When policy incentives are used to promote green innovation, under what conditions do they have the undesired effect of locking in and privileging particular technologies? Both government regulatory and procurement standards and standards set by business organizations are vulnerable to strategic behavior by businesses to lock in mandates that favor their own interests and products (Pashigian, 1985). The modest amount of research and the more extensive anecdotal experience on this subject needs to be consolidated into empirically based principles by which performance-based policy instruments intended to favor better environmental outcomes also create incentives for open competition in further innovation.
What are the global effects of shifting government standards on business decision making? In the 1970s and 1980s, U.S. standards were the dominant approach adopted (whether or not enforced) by many countries and assumed by most transnational businesses worldwide. Increasingly, however, the European Union has moved into this norm-setting role (Vogel, 2003), and China is now emerging as an important enough production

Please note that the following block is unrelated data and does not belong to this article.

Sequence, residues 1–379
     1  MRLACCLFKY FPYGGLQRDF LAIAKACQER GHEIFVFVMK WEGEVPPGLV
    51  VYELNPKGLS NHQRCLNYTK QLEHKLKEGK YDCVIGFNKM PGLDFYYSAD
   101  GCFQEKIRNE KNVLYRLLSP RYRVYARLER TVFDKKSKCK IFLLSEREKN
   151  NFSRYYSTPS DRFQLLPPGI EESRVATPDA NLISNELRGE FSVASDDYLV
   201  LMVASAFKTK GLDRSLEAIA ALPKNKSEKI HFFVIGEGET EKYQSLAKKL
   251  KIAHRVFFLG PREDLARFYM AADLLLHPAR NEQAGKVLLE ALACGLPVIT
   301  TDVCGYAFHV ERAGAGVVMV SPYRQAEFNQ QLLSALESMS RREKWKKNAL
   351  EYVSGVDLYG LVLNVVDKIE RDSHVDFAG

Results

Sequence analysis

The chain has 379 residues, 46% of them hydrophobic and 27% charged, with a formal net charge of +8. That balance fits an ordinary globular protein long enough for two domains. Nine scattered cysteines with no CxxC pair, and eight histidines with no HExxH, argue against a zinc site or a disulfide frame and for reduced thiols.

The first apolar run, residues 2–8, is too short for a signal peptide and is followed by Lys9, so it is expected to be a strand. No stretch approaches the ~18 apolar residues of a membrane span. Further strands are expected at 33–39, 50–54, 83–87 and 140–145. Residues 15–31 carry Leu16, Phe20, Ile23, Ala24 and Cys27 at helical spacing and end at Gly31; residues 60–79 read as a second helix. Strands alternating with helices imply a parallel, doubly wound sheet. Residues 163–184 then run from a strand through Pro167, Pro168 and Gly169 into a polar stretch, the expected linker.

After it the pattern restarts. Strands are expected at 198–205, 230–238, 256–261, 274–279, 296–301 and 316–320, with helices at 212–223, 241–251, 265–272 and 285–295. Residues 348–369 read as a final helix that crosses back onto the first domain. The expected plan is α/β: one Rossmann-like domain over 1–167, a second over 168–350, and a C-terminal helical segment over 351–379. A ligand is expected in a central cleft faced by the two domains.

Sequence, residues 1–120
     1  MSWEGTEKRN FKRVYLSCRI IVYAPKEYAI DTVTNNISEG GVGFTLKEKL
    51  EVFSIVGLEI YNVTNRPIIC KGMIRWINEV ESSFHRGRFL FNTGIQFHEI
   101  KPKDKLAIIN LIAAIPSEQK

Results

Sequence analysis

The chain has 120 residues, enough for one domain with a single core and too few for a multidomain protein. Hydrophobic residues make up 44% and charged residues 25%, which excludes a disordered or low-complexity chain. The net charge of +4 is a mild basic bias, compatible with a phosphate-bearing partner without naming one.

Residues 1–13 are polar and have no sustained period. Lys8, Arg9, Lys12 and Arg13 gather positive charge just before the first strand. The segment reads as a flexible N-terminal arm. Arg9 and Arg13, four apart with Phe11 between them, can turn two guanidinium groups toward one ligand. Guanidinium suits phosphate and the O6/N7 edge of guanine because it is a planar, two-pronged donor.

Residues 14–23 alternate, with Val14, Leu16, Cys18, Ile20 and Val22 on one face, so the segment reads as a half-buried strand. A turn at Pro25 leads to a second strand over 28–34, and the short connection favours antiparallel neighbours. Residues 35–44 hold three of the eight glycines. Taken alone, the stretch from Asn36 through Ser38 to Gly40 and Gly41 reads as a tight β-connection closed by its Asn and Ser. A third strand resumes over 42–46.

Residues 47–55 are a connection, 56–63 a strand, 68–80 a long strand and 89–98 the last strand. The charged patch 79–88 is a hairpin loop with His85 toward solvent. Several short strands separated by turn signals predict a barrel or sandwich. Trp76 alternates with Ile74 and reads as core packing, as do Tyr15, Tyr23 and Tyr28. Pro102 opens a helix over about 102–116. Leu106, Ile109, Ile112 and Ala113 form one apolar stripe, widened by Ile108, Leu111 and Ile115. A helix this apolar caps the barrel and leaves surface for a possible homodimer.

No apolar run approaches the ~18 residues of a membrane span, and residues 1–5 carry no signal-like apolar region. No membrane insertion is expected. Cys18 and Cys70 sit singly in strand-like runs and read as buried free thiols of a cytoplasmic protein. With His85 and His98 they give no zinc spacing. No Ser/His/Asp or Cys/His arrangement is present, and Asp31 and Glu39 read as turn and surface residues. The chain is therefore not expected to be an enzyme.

location and potential consumer market that its standards are also likely to play a major role.
As an example, the United States and the European Union have developed different systems for reviewing the risks from new chemicals. The European Union has specific testing requirements, but the requirements are imposed only after the volume of production of the chemical reaches a specified level. The United States has no specific testing requirements, but the requirement to submit any available data on the chemical is imposed prior to the chemical being manufactured. This difference may put a premium on trying out a new chemical in Europe. However, a proposed European Union regulation, the REACH initiative, would put the burden of proof of safety on chemical manufacturers and could substantially change the calculation for manufacturers. Other examples involve differing norms for content and recycling of electronic products and for introducing genetically modified food crops.